Bedbugs can reproduce extremely quickly and enjoy living in colonies together. They can also hide away in clothes or really any fabric material for several weeks at a time, making them easy to transmit to other areas. It’s difficult to fully insure all of your belongings aren’t home to a bedbug or two before moving into a new living situation and once bedbugs get their footing in a new place, it’s very difficult to fully remove all of them!
If you have any furry critters that are a part of the family, you’ll need to beware of their adventures outside of the walls of your home! Good old’ Fiddo can roll around outside, collecting bedbugs in his fur coat and then unknowingly gives them a free Uber ride to your home!
Pre-Treatment Bed Bug Ritual
Before spraying everything down, stomping them all to death, lighting the house on fire (not recommended), etc, there are a few things we need to get squared away!
The first and probably the most obvious is to reduce clutter and clean the place up! It’s observed that cluttered and dirty living quarters house a significantly higher population of bedbugs and have a much higher chance of attracting them! Make sure all of your food is sealed up tight and run everything through the laundry machine (maybe twice). Water over 120F will almost always kill bedbugs so ensure you’re washing your clothes on high heat settings. If you have garments or fabrics that don’t take kindly to hot water washing, try pressing them, putting them in a clothes drier, or using an iron to heat them up and ensure no bedbugs are left hiding.
After you’ve cleaned up the place and washed your fabrics in hot water, the next thing on the list of pretreatments is to completely strip down your bed and dismantle the bed frames. Bed frames are a prized home for bedbugs. My personal suggestion for if your box spring and frame are infested would be to simply throw them out and replace them with new ones after you’ve ensured your home is bedbug free of course! There are also special encasements you can use to put over your mattress that inhibits the ability of bedbugs to enter and/or exit.
Bed Bug Treated Mattress Liners
I’m gonna make this quick and painless. They don’t really work and I don’t recommend spending money on them. You can try them if you like, but encasing your mattress and using the proper chemicals should do the trick just fine.
Basically, Bed Bug treated liners are soaked in bug repellant and are supposed to kill the bugs if they come into physical contact with the liner. This doesn’t work, though, as most chemicals need to be ingested and/or inhaled in high amounts of concentration. The extremely small amounts used on these liners just aren’t enough to kill all of the bed bugs that touch it.
A mattress encasement is basically a glove for your mattress that completely seals inside the mattress from the outside world. They are typically multifunctional, meaning they are designed to safeguard your mattress from many things, one of those being bed bugs. They won’t “kill” the bed bugs if you already have them, but they will trap them inside, eventually killing them off and warding off future invaders. Mattress encasements also make it easier to spot bed bug infestations and they make cleaning up after a mess much easier!
Mattress encasements alone will not rid your home of bed bugs but they will delete one of the best places for them to reproduce and develop and likely the most unfavored place for them to be!
I’ll add a few of our recommended mattress encasements in the product guide as I truly believe an ounce of prevention equals a pound of treatment!
Not all mattresses are created equal and I’m sure your back can attest to that! The same goes for mattress encasements. When encasements were first designed, they were made out of a tough vinyl material that performed its job well, however, leaving the mattress feeling hard and slippery. Since then, tons of options that aren’t vinyl and are much softer have hit the market. Some are great, some are junk.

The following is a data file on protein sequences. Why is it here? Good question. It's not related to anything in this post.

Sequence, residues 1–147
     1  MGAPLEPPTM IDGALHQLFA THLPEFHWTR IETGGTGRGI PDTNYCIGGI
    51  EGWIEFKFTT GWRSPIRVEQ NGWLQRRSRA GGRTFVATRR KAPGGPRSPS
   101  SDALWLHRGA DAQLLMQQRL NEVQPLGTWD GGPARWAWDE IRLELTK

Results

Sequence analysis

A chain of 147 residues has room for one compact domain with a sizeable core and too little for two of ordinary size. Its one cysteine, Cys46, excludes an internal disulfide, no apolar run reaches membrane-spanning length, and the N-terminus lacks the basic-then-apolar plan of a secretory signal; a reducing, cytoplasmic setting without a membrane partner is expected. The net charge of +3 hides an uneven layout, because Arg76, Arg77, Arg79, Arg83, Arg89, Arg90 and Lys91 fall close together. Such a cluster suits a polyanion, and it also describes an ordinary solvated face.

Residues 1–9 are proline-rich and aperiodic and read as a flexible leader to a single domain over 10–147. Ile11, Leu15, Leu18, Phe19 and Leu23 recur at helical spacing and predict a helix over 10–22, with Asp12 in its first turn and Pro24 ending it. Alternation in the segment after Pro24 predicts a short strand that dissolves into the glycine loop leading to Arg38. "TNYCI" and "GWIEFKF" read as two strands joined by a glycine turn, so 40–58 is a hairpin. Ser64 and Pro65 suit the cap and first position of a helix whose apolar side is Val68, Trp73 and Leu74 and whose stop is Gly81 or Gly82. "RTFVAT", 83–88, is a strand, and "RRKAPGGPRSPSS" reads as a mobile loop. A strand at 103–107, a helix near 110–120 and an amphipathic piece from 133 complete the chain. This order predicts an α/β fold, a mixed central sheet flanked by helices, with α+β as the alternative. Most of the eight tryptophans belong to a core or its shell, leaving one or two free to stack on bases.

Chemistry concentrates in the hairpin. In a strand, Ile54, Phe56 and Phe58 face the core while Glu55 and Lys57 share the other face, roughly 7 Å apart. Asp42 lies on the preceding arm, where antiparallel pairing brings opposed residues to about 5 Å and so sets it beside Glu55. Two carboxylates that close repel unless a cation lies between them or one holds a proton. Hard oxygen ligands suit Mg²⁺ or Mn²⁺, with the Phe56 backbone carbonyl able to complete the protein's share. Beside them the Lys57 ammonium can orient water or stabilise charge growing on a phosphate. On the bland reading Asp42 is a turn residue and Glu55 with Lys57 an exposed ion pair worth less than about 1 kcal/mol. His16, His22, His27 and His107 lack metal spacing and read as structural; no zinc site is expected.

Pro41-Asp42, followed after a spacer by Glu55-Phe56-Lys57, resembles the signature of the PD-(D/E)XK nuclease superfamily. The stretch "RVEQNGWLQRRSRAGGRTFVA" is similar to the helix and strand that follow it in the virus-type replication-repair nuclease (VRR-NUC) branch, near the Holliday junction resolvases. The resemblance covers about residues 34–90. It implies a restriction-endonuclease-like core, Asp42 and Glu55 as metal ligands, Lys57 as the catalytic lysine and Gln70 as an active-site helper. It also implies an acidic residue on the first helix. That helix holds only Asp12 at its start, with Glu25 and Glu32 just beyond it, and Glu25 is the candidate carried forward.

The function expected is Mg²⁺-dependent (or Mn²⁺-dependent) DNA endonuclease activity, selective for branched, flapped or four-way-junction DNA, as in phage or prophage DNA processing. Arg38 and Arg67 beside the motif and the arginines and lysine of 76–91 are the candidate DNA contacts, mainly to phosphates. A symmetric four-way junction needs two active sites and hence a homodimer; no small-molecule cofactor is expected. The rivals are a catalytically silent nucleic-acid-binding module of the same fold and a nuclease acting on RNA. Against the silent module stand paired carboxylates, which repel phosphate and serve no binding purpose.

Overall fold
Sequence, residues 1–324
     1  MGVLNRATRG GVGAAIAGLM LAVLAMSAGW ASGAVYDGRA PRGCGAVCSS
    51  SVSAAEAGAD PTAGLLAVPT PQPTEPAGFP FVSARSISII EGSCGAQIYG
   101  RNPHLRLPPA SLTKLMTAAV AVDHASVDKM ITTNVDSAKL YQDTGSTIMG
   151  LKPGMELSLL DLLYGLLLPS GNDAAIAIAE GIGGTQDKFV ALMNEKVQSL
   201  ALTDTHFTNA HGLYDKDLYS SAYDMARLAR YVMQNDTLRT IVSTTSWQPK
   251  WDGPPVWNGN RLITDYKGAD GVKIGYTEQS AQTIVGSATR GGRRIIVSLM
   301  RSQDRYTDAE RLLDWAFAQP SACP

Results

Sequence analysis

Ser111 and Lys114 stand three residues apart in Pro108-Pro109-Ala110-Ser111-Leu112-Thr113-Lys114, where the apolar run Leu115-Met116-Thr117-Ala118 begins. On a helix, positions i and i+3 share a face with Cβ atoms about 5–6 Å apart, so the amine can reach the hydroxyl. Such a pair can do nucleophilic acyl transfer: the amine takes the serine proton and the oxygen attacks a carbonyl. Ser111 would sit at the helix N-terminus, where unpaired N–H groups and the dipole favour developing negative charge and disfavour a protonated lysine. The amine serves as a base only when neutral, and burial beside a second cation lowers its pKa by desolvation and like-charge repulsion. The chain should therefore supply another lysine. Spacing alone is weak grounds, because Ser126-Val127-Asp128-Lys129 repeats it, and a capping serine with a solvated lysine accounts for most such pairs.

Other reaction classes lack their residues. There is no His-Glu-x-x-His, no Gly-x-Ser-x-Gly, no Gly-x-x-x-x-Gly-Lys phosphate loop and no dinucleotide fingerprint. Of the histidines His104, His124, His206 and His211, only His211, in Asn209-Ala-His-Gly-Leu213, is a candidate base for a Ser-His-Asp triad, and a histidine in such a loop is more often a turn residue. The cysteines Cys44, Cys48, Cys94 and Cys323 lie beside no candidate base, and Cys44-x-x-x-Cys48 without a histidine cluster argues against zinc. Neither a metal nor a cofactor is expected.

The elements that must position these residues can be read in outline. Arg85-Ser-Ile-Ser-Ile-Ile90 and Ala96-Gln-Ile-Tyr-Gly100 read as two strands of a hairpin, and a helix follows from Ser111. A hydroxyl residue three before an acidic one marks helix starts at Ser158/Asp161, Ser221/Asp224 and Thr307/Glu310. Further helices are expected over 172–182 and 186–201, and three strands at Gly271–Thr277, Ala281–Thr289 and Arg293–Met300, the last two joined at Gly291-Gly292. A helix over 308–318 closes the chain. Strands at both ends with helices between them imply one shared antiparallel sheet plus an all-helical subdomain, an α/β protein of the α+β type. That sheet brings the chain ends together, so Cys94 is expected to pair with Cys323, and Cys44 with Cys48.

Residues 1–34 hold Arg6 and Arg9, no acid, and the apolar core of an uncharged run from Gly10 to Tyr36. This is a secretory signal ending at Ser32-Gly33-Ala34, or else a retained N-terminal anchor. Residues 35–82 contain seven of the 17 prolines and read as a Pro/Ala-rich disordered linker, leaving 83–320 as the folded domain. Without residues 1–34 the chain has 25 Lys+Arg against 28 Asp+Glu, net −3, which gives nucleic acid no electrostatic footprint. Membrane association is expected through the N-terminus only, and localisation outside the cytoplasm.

Obviously, being durable against ripping is a huge factor to consider, but most people discount the design of the zipper. After all, if a zipper zips, it works, right? No their are major differences. The zipper has to come to an end of its track eventually and in the case of most regular zipper systems, there’s a very small opening where the end of the track is sewn into the fabric. This opening is more than enough for bed bugs to slip in, rendering the entire idea of getting a mattress encasement useless!
Make sure the zipper closes 100% of the gap. Easy enough, right? Well, it gets a little more complicated as traditional zippers aren’t very good at staying where they were left. The best mattress encasements utilize a system to hold the zipper in place. Whether that be a hook, a claw, a magnetic piece, or a lock on the zipper track itself, your mattress encasement should have something to prevent the zipper from moving around!
Other Bed Bug Locations
Dresser drawers and closets are also another favorite hiding spot for bedbugs. Removing your drawers and scrubbing your dresser down is absolutely key in finding all of these little buggers. Use a vacuum with a hose attachment to get all of those cracks and hard to reach places. The vacuum may not eradicate all of the pests on its own but it will clean the area up, making our pesticides penetrate more efficiently.
Remember, contrary to their name, bedbugs rarely just hide inside of your bed alone and can most definitely take over other parts of your home as well, including inside of electronics! Bedbugs are very difficult to get rid of completely and require complete attention to every single inch of your home.
As a final precaution to both the future and the present, sealing up all the holes into your house should ensure that once you’ve killed them all off, they won’t be able to come crawling back in. Find out where pipes and wires are entering your home and ensure their entry points are completely sealed up! You can use calk to do this which is fairly inexpensive.
Pyrethrins and Pyrethroids for Bed Bugs
Some of the most common compounds used in pest control are botanical insecticides derived from chrysanthemum flowers. Plants and flowers have been using these chemicals for many thousands of years to protect themselves from pesky invaders, why shouldn’t we?! To clarify, pyrethrins are the synthetic version of pyrethroids but work essentially the same. They’re highly lethal to bedbugs and aid in flushing them out of their hiding spots but are also susceptible to bedbug mutations, rendering certain pyrethroids useless in some cases.